(America The Beautiful, written by Katharine Lee Bates in 1895)
July 4th. For many Americans it’s a day off from work and an opportunity to invite friends to the house for barbecue. And for most Americans, its significance, and that of the Declaration of Independence, gets lost in fun.
I pray this year is different for all of us. Our nation is at a crossroads, the result of two generations of a diluted and revisionist focus on American history in our schools. The implacable bravery, unrelenting dedication to freedom and the incredible sacrifices of life, health, comfort and fortunes of our forefathers to purchase our liberty – our freedom from oppression – is rarely (if ever) mentioned any longer in our school classrooms. Our children, and their children, have not learned – as those of my generation learned – of the desperate struggles of American patriots that eventually won our God-blessed American heritage.
I hope our celebration of Independence Day will be a little different this year. As I researched the circumstances surrounding what is perhaps the most important document in US history, I relearned why so many men and women gave their lives during the American Revolution.
In the early 1770s, King George of England reigned over the colonists with a severe and arbitrary fist. He forced them, under penalty of imprisonment, loss of property, or death, to house British troops in their homes. Court officials on the king’s payroll protected the soldiers from prosecution for any crime they committed, including murder. King George denied the colonists right to trial by jury. He created numerous 'offices' and send minions of government officials to ensure obedience to new and intractable laws. He enacted punitive taxation while refusing the colonists representation in decisions that affected them. He forced them, under penalty of death, into military service. Read the Declaration (see link below). Their grievances roll on and on. I don’t know why they waited as long as they did before shouting, “Enough!”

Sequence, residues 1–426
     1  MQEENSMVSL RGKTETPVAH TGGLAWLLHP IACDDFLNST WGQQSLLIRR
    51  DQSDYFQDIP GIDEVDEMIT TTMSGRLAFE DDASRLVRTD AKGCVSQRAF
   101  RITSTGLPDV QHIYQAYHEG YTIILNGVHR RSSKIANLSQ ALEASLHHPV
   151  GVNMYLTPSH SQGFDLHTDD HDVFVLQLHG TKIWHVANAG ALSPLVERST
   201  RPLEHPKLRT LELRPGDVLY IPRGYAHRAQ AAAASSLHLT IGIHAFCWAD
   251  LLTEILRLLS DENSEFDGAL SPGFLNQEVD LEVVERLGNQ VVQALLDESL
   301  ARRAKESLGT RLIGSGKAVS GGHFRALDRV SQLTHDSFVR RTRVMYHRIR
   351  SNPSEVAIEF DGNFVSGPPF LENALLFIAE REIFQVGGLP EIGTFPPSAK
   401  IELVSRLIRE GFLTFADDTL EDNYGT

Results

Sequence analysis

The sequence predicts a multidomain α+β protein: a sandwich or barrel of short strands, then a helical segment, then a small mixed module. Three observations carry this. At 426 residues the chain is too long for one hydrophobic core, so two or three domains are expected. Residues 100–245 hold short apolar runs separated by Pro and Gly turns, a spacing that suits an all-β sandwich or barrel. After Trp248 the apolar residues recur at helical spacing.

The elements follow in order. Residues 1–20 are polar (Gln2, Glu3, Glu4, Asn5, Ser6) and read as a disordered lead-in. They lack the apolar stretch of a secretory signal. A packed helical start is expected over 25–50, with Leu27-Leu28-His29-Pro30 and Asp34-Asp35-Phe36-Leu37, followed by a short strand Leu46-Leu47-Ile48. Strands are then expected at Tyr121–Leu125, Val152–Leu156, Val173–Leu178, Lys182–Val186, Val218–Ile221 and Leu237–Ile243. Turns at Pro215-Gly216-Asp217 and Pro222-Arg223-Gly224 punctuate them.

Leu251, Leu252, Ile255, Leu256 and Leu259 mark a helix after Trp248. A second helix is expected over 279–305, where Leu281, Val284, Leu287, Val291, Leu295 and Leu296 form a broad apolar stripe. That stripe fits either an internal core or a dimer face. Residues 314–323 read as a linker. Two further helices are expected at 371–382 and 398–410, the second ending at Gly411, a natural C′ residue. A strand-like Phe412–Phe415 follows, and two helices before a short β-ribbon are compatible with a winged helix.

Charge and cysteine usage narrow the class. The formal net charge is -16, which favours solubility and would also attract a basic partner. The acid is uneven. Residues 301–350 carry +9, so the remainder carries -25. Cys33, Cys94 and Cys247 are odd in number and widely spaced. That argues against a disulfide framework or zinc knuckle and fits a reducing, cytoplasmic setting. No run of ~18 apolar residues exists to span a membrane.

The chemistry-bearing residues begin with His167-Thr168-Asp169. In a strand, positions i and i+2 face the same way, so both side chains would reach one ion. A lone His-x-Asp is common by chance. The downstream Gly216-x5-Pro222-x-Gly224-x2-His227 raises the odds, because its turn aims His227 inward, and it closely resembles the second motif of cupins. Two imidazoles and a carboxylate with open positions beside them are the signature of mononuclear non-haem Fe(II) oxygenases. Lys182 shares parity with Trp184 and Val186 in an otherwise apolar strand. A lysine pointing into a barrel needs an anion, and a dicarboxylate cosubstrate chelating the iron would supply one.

The 56 signatories of the Declaration of Independence were not hoodlums looking for a fight. Twenty-four were attorneys or judges. Eleven were businessmen. Nine owned large tracts of land in an era when few people owned property. Each one had much to lose by opposing the King’s tyranny. But they had more to gain . . . if not for themselves then for those who would follow after.
"We hold these truths to be self-evident,” they wrote, “that all men are created equal; that they are endowed by their Creator with certain unalienable rights; that among these are life, liberty, and the pursuit of happiness.” And to wrest those God-given rights from the King’s clenched fist, they stood shoulder to shoulder “with a firm reliance on the protection of Divine Providence,” pledging their lives, their fortunes, and their sacred honor.
Their pledge proved costly. Most of them died in poverty. Many saw their families murdered or imprisoned.
As most people who’ve studied history know, sometimes the battle goes that way. Sometimes men and women endure horrendous sacrifices to win freedom for themselves and others, yet never see the results of their sacrifices. Only the generations that follow are privileged to enjoy them.
The Declaration of Independence gave birth to the United States of America. With all of our current and growing problems, needs and tensions, we remain a nation blessed by the One upon whom the fifty-six signatories called to help their fight for freedom. This year would be a good time for all Americans to find copies of the document at public libraries. Or print their own at the following URL: http://www.archives.gov/exhibits/charters/declaration_transcript.html.
Then, as the steaks sizzle on the grill, gather the guests and family around the table and read the document aloud. It’ll only take a few minutes. But doing so might change the way many of us view life, liberty and the pursuit of happiness. And it might change the way we view the One in Whose hand those things ultimately reside.